The holiday season is a time for celebration and festive spirit, and the office party is a time to have fun and become better acquainted with colleagues. Even on a close team like ours, a Christmas party offers a chance to let our hair down and get to know each other on a more personal level.
Many of you have or will attend a holiday office party. As a self-proclaimed sage (just ask my sisters), I’m offering some sound advice on how to make a positive lasting impression while still basking in festivities. Here’s a few tips from our own team party to help guide you away from becoming the “oh-no-she-didn’t” holiday party legend.
Mind your threads. Dress appropriately. If Princess Leia would wear it, you probably shouldn’t. But if it supports Boba Fett, you’re in great shape. At least that’s the rule of thumb when Matt is involved.
Never complain about the food. When treats look as good as that cake though, what’s not to be happy about?
Don’t lavish praise on the boss or get overly chummy. Remain comfortably friendly. However, if you happen to draw her name for the gift exchange, there’s nothing wrong with making sure the gift looks fabulous.
Bag the booze. Susan may look like she’s taking a literal interpretation of this phrase but she’s actually just super excited about the gift she received from sweet Kelly.
Gift swaps can be a fun holiday party experience. Try to be thoughtful. If you are buying for a specific person, find out something personal about them and try to buy an item they will appreciate. Matt’s handmade Ewok candle couldn’t have been a better fusion of his love for Star Wars and my love of anything furry and adorable.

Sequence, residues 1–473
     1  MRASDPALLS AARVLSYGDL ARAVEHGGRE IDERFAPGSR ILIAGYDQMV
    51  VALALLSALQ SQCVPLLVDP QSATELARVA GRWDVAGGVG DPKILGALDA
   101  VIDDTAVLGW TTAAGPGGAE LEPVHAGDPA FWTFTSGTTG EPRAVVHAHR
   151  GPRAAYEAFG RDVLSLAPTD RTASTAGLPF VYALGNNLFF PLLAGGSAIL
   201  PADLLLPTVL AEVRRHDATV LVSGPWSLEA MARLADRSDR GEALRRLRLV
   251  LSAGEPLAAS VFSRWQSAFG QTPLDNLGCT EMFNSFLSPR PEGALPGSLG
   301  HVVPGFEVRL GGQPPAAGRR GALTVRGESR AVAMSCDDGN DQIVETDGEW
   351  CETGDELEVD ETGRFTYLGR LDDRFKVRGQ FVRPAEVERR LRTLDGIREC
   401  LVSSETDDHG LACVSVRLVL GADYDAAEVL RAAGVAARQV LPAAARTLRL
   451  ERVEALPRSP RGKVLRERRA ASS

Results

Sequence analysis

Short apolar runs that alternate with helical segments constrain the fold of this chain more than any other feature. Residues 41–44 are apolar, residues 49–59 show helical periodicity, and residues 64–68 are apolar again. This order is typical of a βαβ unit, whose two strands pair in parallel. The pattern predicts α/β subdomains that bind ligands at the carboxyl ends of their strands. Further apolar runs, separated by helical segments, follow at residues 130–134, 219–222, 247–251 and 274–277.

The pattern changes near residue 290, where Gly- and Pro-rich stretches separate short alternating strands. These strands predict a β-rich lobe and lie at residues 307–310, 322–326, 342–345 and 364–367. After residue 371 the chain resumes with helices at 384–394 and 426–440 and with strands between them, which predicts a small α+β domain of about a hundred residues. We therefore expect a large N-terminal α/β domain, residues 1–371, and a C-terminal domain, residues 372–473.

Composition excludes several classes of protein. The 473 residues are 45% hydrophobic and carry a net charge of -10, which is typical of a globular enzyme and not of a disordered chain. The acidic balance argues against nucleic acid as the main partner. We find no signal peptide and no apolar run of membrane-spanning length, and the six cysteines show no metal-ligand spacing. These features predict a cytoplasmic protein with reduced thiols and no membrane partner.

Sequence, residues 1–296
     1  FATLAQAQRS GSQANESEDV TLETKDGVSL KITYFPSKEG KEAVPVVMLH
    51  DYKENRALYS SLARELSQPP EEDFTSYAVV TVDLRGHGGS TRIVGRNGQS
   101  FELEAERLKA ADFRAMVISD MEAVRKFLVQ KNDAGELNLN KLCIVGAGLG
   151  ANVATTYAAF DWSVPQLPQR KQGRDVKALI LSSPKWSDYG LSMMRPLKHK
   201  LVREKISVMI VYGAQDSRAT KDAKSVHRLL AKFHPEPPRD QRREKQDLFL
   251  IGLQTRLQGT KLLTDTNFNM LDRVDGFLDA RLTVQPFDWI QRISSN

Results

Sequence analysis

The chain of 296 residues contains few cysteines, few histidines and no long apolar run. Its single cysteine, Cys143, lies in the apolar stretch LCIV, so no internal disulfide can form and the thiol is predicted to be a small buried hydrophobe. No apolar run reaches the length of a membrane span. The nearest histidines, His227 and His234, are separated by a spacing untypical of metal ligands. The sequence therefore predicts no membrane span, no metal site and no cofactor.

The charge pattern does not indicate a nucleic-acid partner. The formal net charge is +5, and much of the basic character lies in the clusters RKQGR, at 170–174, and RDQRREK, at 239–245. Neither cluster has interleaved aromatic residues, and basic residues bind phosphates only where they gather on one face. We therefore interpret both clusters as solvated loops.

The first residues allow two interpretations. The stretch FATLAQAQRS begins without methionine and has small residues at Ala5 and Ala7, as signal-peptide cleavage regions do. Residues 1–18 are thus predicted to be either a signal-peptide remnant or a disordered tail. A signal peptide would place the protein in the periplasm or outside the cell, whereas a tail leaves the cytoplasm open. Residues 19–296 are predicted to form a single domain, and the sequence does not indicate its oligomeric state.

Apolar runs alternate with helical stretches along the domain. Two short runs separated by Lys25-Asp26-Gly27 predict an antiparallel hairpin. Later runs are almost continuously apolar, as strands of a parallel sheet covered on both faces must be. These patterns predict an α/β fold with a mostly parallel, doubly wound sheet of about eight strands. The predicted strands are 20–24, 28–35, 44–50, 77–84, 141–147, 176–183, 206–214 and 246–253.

Stay away from the mistletoe! You never know who’s had a severe crush on you and you may end up puckering up with a furry friend who truly has dog breath.
Mingle. Talk the talk. This is probably the easiest part for our team. While we all get along great at work, it’s always fun to kick back and not talk shop. Jennifer even spiced things up by convincing us to play a game of “two truths and a lie.” I won’t reveal anyone’s secrets (as long as they don’t give away mine!) but I did learn some interesting things about my co-workers.
This last tidbit isn’t from the Paper Crafts office party but from another Office. Rethink your decision to be the company party DJ. Only your mother thinks you do a great job.
Perhaps the most important thing you SHOULD do at an office party is to thank those who organized it. I send a big thanks to our lovely Editor-in-Chief for hosting the party at her house and everyone for bringing delicious food. I would also like to toast a successful year at Paper Crafts and wonderful co-workers. Ching. Ching.
Whether you attend an office Christmas party or not, I wish you all a wonderful holiday season and a happy new year.